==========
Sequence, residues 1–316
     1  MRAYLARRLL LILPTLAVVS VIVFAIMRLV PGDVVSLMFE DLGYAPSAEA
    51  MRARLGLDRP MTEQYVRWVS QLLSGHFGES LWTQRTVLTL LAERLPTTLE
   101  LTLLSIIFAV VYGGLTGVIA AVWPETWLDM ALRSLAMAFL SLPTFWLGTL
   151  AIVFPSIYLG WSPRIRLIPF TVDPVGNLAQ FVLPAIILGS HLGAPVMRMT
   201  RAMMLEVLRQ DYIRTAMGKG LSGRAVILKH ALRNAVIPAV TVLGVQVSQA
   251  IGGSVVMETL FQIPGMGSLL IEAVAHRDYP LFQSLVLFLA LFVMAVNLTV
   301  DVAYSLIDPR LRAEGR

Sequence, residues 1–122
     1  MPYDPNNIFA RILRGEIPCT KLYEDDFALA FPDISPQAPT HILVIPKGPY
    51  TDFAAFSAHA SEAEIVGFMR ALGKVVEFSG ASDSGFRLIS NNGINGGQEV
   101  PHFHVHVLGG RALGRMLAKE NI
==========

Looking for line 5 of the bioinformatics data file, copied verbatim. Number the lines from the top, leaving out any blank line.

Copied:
   151  AIVFPSIYLG WSPRIRLIPF TVDPVGNLAQ FVLPAIILGS HLGAPVMRMT